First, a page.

we don't need to change how we do conservation, we need to change why we do it

‘Heat Death’ Through the Eyes of Darwin, Dogen and Maxwell’s Demon

[five]

Now let us suppose that … a being, who can see the individual molecules, opens and closes the hole, so as to allow only the swifter molecules to pass from A to B, and only the slower molecules to pass from B to A. He will thus, without expenditure of work, raise the temperature of B and lower that of A, in contradiction to the second law of thermodynamics      —Maxwell [1]

At the risk of belabouring an already difficult point, I’ll give some further qualifications to convince or confound my fellow sceptics. The mathematician Ian Stewart writes that Leo Szilard “saved the second law for all practical purposes” by showing that the information collected by Maxwell’s Demon carries entropy. But he also cautions, “The vital concept here is not information as such, but meaning.” [2] Isn’t it wonderful how the broad daylight of discrimination tiptoes in and out of our calculations, like a well-trained servant in the night, as we darkly circle in on our terms? While the immediate purpose of a sense experience might be to whet our appetites, or to keep our fingers out of the fire, its “practical purpose” is to inform our need to explain, and to foretell, as narrative. Thus the story goes that “complex life evolved in our far from equilibrium Earth system so the overall energy and order in the larger system centered on our sun can dissipate even faster”. Well, here’s another interesting cosmic story: If the ultimate effect of Life and Mind is to increase the number of ‘wanted things’ at the expense of ‘unwanted things’, then our calculations alone, where the entropic rate is just the inverse of the proportion of ‘favoured’ macrostates found among ‘interchangeable’ microstates [See Essay four in Darwin, Dogen, and the Extremophile Choice], might not reflect the fate of the universe. It all comes down to whether or not agency finds a place within “all practical purposes” we might aspire to.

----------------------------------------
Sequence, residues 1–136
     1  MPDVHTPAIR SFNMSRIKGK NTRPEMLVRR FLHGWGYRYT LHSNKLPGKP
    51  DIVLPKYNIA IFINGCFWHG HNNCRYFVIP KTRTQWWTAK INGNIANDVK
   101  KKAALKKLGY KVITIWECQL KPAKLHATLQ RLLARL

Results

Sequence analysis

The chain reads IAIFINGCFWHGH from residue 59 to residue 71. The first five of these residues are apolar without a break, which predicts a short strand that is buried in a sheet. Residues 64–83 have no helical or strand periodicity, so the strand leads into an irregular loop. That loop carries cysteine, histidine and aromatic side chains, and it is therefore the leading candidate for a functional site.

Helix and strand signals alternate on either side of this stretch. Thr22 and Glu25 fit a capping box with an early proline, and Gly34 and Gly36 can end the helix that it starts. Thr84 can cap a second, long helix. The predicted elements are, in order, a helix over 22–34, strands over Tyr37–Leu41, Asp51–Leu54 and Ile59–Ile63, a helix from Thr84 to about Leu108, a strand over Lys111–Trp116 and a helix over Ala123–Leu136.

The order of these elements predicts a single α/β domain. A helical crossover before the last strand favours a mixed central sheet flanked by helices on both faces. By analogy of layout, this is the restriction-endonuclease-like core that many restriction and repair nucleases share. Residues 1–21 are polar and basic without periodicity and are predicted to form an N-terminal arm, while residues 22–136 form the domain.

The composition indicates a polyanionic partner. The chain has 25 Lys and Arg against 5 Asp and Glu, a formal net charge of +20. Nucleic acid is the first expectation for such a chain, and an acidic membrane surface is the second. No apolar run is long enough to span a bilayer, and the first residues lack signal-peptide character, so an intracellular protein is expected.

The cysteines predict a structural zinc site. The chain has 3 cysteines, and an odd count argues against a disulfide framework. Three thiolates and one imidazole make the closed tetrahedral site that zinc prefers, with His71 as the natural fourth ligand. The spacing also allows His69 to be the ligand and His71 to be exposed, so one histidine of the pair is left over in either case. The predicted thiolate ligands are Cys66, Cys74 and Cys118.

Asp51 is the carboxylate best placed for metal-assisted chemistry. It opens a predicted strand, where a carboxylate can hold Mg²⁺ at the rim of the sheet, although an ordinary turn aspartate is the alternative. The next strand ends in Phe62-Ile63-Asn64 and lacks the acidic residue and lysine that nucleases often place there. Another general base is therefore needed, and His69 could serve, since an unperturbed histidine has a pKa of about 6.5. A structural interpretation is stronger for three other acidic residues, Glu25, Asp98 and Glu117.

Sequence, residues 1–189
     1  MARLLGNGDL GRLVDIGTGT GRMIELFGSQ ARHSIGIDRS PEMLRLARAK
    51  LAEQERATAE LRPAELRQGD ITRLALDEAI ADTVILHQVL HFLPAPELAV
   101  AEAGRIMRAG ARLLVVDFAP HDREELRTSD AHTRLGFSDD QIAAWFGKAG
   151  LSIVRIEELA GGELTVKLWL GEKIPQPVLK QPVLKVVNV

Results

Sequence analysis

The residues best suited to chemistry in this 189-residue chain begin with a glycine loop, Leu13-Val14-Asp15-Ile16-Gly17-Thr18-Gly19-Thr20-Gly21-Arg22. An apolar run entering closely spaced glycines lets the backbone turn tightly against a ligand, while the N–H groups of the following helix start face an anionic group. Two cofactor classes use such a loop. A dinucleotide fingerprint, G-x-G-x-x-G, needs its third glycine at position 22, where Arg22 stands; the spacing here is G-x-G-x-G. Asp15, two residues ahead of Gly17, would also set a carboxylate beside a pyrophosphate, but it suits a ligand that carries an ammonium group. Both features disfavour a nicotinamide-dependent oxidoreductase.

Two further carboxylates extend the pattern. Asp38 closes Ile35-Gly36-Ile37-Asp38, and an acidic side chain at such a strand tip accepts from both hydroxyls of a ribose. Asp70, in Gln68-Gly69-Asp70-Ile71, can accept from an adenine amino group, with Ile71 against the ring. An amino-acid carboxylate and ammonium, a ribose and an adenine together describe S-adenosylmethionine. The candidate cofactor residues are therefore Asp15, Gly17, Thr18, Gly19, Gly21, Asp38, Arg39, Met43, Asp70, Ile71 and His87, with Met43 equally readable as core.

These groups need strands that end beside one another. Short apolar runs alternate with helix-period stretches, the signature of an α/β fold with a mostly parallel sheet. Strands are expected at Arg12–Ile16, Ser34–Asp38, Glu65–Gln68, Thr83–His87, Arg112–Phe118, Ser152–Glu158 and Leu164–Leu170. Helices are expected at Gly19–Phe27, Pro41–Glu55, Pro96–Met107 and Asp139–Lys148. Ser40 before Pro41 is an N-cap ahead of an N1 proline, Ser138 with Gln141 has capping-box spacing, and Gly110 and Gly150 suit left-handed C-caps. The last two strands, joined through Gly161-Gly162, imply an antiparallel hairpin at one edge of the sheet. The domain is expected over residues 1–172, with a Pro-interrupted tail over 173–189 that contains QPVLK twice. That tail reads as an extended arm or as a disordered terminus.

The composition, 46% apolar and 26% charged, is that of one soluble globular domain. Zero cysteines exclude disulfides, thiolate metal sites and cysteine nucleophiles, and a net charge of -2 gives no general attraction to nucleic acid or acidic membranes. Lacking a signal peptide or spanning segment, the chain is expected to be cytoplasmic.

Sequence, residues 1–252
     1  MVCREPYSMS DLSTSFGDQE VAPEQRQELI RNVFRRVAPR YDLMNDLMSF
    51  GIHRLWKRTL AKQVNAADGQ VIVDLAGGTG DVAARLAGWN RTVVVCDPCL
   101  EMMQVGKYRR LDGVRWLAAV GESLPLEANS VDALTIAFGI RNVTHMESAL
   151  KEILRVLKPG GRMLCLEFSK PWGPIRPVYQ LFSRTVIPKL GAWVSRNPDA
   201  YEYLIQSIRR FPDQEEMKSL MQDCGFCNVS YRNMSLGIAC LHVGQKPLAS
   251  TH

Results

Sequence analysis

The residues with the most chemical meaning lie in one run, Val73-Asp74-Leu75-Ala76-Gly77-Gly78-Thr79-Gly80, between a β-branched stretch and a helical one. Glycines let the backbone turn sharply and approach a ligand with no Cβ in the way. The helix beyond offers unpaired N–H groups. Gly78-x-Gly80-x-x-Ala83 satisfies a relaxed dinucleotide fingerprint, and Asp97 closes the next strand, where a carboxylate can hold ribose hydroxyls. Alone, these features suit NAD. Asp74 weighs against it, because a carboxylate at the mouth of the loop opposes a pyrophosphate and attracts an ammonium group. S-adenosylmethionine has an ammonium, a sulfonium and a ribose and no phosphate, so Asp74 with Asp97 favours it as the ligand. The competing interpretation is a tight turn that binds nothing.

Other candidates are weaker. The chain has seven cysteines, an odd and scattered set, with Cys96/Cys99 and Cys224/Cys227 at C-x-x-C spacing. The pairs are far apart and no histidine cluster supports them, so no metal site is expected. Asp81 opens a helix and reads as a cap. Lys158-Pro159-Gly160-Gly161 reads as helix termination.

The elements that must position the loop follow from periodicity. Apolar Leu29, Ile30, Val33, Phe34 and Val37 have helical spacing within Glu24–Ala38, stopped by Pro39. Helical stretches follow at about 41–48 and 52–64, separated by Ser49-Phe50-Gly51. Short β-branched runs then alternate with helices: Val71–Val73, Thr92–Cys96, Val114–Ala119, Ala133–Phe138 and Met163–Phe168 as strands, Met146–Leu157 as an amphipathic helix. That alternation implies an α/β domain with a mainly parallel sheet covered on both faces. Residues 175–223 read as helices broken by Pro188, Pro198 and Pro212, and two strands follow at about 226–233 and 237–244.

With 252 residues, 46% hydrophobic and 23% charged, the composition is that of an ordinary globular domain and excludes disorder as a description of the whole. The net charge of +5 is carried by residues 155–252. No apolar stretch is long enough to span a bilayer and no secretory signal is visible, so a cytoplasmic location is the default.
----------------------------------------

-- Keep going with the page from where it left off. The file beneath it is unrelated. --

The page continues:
For the purpose of manipulating an agent-free universe (i.e. science and technology) the Second Law Story works splendidly! In fact any narrative works if you follow the rules. Rule one: action is ‘really’ the re-action of an outcome determined by a past. Rule two: each character is fully defined in terms of the others. But all of us sooner or later notice that we can at any time end the narrative, and then we remember: when we saw “time” as real, this was just us pretending that past and future are not illusions in the very important sense that we don’t live there. And when the story ends—let’s say it’s the “Universal Heat Death” story—we notice something else: when we foresee the vagueness of dissipating stardust, but not the details of any evolving organism, this is just us choosing to forget what we are missing when our characters are co-defined. When we look at our oranges in terms of apples.

Information is orthogonal to what I am pointing out here.

As angles are to orioles.